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First of all let me just say that you are entitled to your opinion all you want.

Second of all I happen to be a professional who was born and raised on San Antonio's South Side and YES we do EXIST. Is San Antonio really meant to be compared with Dallas, Houston or Austin?

Dallas and Houston would never come close to rivaling Chicago, and well New York would just blow Dallas and Houston out of the park. How's that for comparison. Wonder what "Great" city your from?

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Thanks for the remarks, Mr. txstate. People have boasted and debated what makes a city "great" since Athens made snide remarks about her Peloponnesian neighbors. So it continues today. This forum specifically asked if "San Antonio will ever take its rightful place as one of America's Great cities". I'm glad I have the permission of a genuine "professional" to try and discuss the question in an open forum. Thank you.

If you must know, I live in San Diego, California (Del Mar to be exact). I was born and largely raised in Washington DC, went to Law School in Chicago and worked in New York for 7 years .... so I know a bit about the "big cities". But I digress. I have family in San Antonio and like the city very much. I sincerely apologize if I offended your civic pride or touch a raw demographic nerve. Were we talking in person, I would happily buy you a puffy taco and cheap, watery Lone Star beer to make your hurt feelings go away.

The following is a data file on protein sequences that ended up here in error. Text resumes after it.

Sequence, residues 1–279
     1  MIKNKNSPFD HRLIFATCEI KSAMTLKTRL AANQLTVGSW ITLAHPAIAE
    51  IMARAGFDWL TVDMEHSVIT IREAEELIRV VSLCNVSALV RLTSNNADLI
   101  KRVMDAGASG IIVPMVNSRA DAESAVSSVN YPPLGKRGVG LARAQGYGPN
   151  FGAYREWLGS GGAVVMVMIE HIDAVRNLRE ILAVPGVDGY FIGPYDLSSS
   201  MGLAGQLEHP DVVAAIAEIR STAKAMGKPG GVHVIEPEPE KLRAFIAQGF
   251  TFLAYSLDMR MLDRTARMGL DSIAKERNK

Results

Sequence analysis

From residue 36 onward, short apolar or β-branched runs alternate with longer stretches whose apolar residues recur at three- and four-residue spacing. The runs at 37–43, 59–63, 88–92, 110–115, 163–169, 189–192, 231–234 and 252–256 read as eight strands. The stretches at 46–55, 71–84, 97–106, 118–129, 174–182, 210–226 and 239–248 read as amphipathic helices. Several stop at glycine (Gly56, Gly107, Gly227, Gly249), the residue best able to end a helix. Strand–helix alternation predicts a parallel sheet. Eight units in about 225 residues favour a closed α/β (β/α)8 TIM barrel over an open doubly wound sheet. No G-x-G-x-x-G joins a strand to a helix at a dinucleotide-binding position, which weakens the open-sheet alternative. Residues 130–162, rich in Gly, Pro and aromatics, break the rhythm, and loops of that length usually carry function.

I spent last year working and living in what may be called a rival city - Jacksonville, Florida. I also have done work in another similar city, Tucson. Of all the "up and coming" cities I have been to, I really have a very bullish outlook for San Antonio. It has a great quality of life, and I think is on the path to significant and sustainable economic growth. It is simply a nice place to live, and an affordable one to boot. For once, the growth is fueled by factors other than civil service or the hospitality business. It is difficult to become "one of America's Great cities" on the backs of hotel workers and government clerks.

Don't get your feelings tied up with how many "tall buildings" your downtown has. Or how many sports teams you might have. If you do, you will always be disappointed with where you live. Take solace instead that San Antonio is a unique and nice place to live - a relatively large city with a small town feel. If you have not lived elsewhere (and I am guessing you have not), you don't realize how good you have it. Believe me, it is far better to be a "well kept secret" than a sprawled-out community with no soul or center. No monorail, or NFL hurricane sale, or anschluss with Austin will add to what makes San Antonio good. If you really want to improve your city, do something to reign in the idiotic advocacy groups that block the developers who could employ even more existential South Side professionals. Play some golf on the North Side. Encourage a relative or neighbor to finish school. And stop the mind-numbing comparisons to other Texas cities. Revel in what you have.

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MrJoshua,